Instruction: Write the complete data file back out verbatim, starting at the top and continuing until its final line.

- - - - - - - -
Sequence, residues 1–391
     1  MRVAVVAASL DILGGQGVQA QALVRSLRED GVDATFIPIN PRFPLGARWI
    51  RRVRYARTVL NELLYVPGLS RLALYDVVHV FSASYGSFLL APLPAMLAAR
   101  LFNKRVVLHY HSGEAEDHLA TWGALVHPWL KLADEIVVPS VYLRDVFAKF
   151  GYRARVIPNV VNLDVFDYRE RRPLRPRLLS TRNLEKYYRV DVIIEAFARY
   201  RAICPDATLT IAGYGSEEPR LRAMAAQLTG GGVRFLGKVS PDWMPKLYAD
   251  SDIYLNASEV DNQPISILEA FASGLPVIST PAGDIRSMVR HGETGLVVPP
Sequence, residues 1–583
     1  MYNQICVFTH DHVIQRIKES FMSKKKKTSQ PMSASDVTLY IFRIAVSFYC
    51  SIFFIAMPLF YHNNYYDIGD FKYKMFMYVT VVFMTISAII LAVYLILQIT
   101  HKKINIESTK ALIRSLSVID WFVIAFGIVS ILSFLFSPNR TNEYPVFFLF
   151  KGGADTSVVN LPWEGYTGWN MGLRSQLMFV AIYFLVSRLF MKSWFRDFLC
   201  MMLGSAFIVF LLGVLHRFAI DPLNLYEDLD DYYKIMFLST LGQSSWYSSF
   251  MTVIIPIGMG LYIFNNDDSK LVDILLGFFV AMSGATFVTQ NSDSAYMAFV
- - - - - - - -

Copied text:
Sequence, residues 1–391
     1  MRVAVVAASL DILGGQGVQA QALVRSLRED GVDATFIPIN PRFPLGARWI
    51  RRVRYARTVL NELLYVPGLS RLALYDVVHV FSASYGSFLL APLPAMLAAR
   101  LFNKRVVLHY HSGEAEDHLA TWGALVHPWL KLADEIVVPS VYLRDVFAKF
   151  GYRARVIPNV VNLDVFDYRE RRPLRPRLLS TRNLEKYYRV DVIIEAFARY
   201  RAICPDATLT IAGYGSEEPR LRAMAAQLTG GGVRFLGKVS PDWMPKLYAD
   251  SDIYLNASEV DNQPISILEA FASGLPVIST PAGDIRSMVR HGETGLVVPP
Sequence, residues 1–583
     1  MYNQICVFTH DHVIQRIKES FMSKKKKTSQ PMSASDVTLY IFRIAVSFYC
    51  SIFFIAMPLF YHNNYYDIGD FKYKMFMYVT VVFMTISAII LAVYLILQIT
   101  HKKINIESTK ALIRSLSVID WFVIAFGIVS ILSFLFSPNR TNEYPVFFLF
   151  KGGADTSVVN LPWEGYTGWN MGLRSQLMFV AIYFLVSRLF MKSWFRDFLC
   201  MMLGSAFIVF LLGVLHRFAI DPLNLYEDLD DYYKIMFLST LGQSSWYSSF
   251  MTVIIPIGMG LYIFNNDDSK LVDILLGFFV AMSGATFVTQ NSDSAYMAFV